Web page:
It is five years now since Richard Buck beat the chimes at York Minster, completing a 440-metre course in the shadow of the great Gothic cathedral in the minute it took for the bells to stop ringing and the clock to strike midday. He was a young buck of 17 when that Yorkshire re-enactment was staged of the scene from Chariots of Fire in which Harold Abrahams beat the clock in the Great Court at Trinity College, Cambridge – a feat the Olympic 100m champion of 1924 never actually achieved. Now, after three years of ill luck, it seems Buck's time as an international 400m runner may have come.
Eight days ago in Birmingham, in the Aviva International at the National Indoor Arena, the Leeds Metropolitan University student came within a whisker of beating Tyler Christopher, the reigning world indoor 400m champion. Leading from the gun, Buck was only passed by the Canadian in the last two strides and still claimed a couple of notable scalps: those of the American Xavier "X-Man" Carter, the last man to beat Usain Bolt over 200m, and Johan Wissman, the Swede who took the silver medal behind Christopher at the World Indoor Championships in Valencia 12 months ago.
Buck's time as runner-up, an indoor personal best of 46.22sec, ranks him fourth in Europe's order of merit ahead of the European Indoor Champion-ships, which open in Turin on Friday and run through to Sunday – behind Italy's Claudio Licciardello (46.03), Leslie Djhone of France (46.18) and the Irishman David Gillick (46.18). The manner in which the 6ft 3in Yorkshireman attacked such a world-class field in Birmingham hinted at medal potential, although getting on to the podium in the Oval Lingotto will be no easy task, what with a home crowd roaring for Licciardello, Djhone boasting an outdoor PB of 44.46sec, Gillick going for a third successive European indoor crown and Wissman gunning for revenge.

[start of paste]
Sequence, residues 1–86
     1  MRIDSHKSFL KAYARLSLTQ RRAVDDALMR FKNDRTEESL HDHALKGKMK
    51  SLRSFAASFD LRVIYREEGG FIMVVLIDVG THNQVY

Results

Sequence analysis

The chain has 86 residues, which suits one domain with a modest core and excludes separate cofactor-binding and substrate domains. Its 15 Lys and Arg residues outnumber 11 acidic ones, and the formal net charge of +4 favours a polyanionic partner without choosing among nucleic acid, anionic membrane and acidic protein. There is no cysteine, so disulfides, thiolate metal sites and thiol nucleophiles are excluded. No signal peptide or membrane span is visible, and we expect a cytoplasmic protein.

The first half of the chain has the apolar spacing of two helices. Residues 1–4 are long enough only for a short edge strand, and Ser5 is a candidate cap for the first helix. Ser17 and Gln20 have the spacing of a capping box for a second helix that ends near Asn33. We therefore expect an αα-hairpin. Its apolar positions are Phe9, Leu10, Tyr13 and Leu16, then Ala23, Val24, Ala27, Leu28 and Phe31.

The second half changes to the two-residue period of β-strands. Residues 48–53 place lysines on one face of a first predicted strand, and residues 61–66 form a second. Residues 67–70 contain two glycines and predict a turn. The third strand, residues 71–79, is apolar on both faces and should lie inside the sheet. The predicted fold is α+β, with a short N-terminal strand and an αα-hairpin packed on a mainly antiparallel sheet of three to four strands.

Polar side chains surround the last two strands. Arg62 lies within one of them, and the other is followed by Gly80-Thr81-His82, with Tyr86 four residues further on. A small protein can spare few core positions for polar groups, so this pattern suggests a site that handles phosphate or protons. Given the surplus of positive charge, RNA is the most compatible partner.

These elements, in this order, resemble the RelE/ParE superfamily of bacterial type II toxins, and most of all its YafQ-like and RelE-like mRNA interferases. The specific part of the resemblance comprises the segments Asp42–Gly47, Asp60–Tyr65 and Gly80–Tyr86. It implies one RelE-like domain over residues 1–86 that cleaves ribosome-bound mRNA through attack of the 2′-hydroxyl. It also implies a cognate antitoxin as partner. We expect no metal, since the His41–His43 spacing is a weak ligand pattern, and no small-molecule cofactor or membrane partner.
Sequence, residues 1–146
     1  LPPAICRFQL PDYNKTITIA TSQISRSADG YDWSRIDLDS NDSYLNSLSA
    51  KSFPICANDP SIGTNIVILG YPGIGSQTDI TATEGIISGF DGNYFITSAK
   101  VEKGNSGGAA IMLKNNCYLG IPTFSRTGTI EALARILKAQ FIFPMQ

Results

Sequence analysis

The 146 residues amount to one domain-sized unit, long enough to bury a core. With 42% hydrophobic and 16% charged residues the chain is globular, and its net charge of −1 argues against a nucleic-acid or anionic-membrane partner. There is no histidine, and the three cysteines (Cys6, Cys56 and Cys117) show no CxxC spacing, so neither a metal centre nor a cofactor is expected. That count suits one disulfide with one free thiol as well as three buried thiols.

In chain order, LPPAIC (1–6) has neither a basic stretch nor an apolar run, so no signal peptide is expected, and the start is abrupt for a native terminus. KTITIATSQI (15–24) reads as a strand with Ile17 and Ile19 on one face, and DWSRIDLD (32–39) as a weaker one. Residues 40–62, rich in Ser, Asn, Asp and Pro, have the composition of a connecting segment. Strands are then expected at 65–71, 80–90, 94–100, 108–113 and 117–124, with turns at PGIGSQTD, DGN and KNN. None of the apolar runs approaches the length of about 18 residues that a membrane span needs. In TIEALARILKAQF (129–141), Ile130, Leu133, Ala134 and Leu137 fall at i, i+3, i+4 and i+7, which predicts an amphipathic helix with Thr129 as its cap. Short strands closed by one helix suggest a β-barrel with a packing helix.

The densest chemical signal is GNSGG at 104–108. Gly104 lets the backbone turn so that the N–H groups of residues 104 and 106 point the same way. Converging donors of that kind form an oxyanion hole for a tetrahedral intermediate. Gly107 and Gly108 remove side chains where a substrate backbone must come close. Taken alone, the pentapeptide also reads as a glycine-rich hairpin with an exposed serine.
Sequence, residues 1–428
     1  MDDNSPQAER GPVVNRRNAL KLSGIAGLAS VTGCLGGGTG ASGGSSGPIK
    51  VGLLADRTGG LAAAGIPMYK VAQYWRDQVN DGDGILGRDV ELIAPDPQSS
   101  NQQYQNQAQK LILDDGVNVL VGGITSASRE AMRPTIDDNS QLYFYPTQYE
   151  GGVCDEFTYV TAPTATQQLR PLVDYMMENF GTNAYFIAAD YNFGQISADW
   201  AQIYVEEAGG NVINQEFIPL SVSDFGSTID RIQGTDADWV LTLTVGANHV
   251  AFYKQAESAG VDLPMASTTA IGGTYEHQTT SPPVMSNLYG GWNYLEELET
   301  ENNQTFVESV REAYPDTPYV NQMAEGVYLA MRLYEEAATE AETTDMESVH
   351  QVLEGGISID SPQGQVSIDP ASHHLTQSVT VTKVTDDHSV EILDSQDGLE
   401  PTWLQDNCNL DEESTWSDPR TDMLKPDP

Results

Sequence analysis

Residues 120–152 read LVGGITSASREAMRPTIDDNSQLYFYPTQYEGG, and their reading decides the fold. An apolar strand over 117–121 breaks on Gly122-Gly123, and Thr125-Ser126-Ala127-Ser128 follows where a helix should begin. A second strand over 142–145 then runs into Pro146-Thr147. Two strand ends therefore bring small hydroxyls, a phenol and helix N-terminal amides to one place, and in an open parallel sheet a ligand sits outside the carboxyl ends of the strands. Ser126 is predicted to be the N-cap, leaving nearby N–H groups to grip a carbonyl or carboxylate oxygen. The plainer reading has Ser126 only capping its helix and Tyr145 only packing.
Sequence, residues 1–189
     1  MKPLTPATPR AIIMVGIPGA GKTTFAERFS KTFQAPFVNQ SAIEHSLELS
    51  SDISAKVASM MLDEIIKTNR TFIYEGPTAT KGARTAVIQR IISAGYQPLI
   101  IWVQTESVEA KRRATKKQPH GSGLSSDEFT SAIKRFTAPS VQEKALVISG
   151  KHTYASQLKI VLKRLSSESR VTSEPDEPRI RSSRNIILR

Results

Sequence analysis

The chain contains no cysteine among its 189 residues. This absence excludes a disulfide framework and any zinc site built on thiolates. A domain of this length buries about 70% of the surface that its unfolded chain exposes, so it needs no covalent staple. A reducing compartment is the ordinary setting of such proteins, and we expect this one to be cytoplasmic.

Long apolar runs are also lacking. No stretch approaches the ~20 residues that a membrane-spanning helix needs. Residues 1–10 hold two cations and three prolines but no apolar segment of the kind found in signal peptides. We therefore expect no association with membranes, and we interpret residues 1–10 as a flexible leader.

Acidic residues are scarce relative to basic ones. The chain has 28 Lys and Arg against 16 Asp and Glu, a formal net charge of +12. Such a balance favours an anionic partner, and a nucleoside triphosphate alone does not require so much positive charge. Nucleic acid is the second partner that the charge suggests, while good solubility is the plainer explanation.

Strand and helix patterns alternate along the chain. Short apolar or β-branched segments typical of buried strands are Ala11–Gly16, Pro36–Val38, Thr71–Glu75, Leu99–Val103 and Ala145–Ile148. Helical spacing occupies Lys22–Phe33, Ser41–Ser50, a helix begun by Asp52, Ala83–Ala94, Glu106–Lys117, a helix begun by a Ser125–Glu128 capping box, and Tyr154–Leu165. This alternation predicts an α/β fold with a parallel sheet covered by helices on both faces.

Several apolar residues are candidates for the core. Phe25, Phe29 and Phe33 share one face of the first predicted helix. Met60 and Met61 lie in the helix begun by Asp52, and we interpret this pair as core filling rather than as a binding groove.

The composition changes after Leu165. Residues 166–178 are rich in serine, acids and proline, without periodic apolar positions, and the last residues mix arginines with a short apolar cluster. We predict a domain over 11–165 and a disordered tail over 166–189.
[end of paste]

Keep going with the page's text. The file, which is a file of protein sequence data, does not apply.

"You can't expect to just turn up at the European Champs and have a medal," Buck acknowledged. "It's always a huge ask. If you look at the rankings, it's so close that you think, 'Yeah, one good race and you could come out with a medal; one slightly bad race and you might not even make the final.' All you can do is give it your best shot, and I think my best shot is good enough for me to be really competitive out there. I'm really looking forward to the competition."
As well he might. Buck has competed for Britain before – outdoors at the World Championships in Osaka in 2007 and at the World Indoor Championships in Valencia last year – but injury and illness have held back his progress at international level. In 2006, he travelled to Australia with the England team for the Commonwealth Games but suffered a hamstring injury and did not compete at the Melbourne Cricket Ground.
In 2007, he was hit by an Achilles problem and was picked only as a non-travelling reserve for the previous European Indoor Championships in Birmingham. And last summer, short of competitive preparation after suffering from a virus, he went to Beijing as a member of the British 4 x 400m relay squad but never got to run in the Bird's Nest Olympic arena.
"It was frustrating," Buck said of the last experience, "but it would have been a lot worse if I had just been watching it from back here. When I got ill, that's how I thought it was going to be, so I'm glad to have gone.
"It was a great experience. It made me come back home so motivated, and since then my training has gone fantastically well."
That training has been mapped out by Geoff Barraclough, the sprints coach at the City of York Athletics Club. He also happens to be Buck's grand- father, although the Turin hopeful prefers to keep him on first-name terms. "Geoff was the only sprints coach at the club when I started running so I just joined in with his group," Buck said. "I've kept progressing from there and UK Athletics have no qualms with Geoff continuing to coach me. We're working on the basis that if it's not broke, don't fix it."
Britain's golden shots
DWAIN CHAMBERS: Banned from the Beijing Olympics because of his past doping conviction, he has been in the form of his life in the indoor season. The Belgrave Harrier starts as a strong favourite for the 60m, ahead of his British team-mate Simeon Williamson and Germany's Christian Blum.
MO FARAH: His stunning British 3,000m record run in Birmingham last weekend, 7min 34.47sec, puts him five seconds clear at the top of the European rankings – ahead of his close friend and occasional training partner Bob Tahri, the Frenchman who finished fifth in the 3,000m steeplechase at the Beijing Olympics.
MARILYN OKORO: Having come within 0.06sec of Kelly Holmes' British indoor 800m record in Birmingham, the Highgate Harrier goes to Turin with high hopes of a medal and is ranked second behind Italy's Elisa Cusma.